This other me seemed just as unhappy and empty as the unfortunate, REAL me that I had become. He was tied on his cell phone and looked downright harassed. Such was the intensity with which he waved his arms in the air and argued with someone on the phone. And despite the fact that this IDEAL ME had a hands free, state of the art IPhone and must be racking in the money, he seemed just as desperate as I did.
In fact he never seemed to notice my presence at all so lost in his own world was he.
So I finally decided to pass the “GO GETTER” me and see what lay ahead on this unchartered, ahead of time highway.
There was nothing to report for the next few miles. Except unfinished shopping centers and ‘Coming Soon” restaurants were now OPEN and finished.
But then I saw another occupant in a vehicle that proved revelatory.
You would never guess who it was. So I will tell you.
It was none other than my college rival who beat me to the community college job on that fateful, sleeping in day that I forgot to set my clock ahead to daylight savings.
It was Rupert Chapple. Although he was decades older, I would recognize his pretentious pout anywhere. And he was clearly rolling in the excesses of success.
His car was a brand new Acura. He had a designer hair do and wore a specially tailored suit. His cuff links reflected the sun’s rays and shone brilliantly back at me like diamonds.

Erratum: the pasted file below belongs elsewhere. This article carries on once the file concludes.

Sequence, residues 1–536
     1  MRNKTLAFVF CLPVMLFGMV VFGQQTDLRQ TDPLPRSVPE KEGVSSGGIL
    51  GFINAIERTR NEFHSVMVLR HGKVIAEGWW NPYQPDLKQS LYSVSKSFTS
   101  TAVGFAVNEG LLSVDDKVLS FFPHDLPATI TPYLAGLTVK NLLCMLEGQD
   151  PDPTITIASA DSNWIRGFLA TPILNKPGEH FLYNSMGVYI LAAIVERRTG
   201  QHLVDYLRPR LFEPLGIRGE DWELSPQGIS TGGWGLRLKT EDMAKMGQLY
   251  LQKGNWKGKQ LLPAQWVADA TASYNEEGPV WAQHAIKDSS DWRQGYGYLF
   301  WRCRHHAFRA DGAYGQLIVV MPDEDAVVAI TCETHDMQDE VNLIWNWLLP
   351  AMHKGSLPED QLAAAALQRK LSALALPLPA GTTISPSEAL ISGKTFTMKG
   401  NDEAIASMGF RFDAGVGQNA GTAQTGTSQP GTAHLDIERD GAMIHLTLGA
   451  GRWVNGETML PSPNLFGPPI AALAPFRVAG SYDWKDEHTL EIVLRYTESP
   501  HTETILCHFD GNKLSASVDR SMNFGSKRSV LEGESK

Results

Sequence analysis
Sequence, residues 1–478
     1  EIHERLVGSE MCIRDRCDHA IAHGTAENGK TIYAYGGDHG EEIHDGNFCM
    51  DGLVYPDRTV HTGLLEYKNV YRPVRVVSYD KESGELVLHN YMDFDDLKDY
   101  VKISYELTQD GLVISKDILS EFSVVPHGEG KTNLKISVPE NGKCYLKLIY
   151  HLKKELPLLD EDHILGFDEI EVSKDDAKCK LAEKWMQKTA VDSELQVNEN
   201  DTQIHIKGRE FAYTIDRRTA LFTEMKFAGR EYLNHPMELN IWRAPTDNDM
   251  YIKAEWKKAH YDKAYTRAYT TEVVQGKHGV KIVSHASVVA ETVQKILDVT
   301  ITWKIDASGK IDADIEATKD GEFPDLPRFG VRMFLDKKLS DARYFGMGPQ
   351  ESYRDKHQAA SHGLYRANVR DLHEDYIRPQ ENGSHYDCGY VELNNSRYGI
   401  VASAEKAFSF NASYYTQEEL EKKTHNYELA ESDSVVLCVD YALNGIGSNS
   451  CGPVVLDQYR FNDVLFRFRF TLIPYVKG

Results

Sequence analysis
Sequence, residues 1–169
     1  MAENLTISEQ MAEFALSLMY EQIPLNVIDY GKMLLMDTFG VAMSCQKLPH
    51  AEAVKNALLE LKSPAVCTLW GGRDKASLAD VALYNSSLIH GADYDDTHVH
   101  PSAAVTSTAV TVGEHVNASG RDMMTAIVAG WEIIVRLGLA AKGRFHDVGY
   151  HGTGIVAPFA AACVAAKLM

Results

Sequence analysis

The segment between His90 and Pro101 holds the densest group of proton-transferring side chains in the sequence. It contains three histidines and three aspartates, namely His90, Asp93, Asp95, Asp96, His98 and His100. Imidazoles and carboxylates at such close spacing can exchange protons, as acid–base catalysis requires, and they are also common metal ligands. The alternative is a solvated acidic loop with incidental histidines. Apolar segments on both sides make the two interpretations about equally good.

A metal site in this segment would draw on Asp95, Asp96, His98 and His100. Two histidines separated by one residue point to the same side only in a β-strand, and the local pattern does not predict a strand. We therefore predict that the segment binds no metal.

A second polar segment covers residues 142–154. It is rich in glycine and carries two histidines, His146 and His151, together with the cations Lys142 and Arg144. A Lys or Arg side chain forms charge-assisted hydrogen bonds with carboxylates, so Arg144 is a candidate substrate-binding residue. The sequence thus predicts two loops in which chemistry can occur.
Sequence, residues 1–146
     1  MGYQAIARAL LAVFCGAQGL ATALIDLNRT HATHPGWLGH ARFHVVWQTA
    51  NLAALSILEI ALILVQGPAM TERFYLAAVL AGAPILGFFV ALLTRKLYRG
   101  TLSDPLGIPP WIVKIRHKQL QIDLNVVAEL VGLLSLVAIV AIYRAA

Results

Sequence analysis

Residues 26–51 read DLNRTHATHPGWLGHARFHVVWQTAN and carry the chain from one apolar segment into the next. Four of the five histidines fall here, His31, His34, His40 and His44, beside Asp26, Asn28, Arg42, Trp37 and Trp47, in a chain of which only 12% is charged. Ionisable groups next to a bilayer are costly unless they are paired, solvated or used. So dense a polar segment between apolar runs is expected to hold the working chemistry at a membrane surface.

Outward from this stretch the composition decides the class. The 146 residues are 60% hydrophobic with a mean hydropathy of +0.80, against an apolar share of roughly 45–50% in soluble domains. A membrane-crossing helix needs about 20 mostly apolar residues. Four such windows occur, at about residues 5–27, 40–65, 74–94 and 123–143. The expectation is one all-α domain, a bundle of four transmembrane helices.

“So. It had come to this.” I thought to myself. I was finally catching up to the guy who beat me out of my future.
And as I was preparing to roll down my window for a closer look and possible confrontation, I noticed that Chapple’s Acura had signaled a right turn.
He was going to the next exit.
And I was going with him.
What I would say or do I had no clue.
So I followed inconspicuously behind him at the Starbucks so as not to blow my anonymity.
As Rupert Chapple rose out of his deluxe car, my chest was once again filled with the same insecurity and hatred that I had felt all those decades before.
Rupert appeared to be carrying a laptop in his brief case. “That was so like Rupert” I fumed.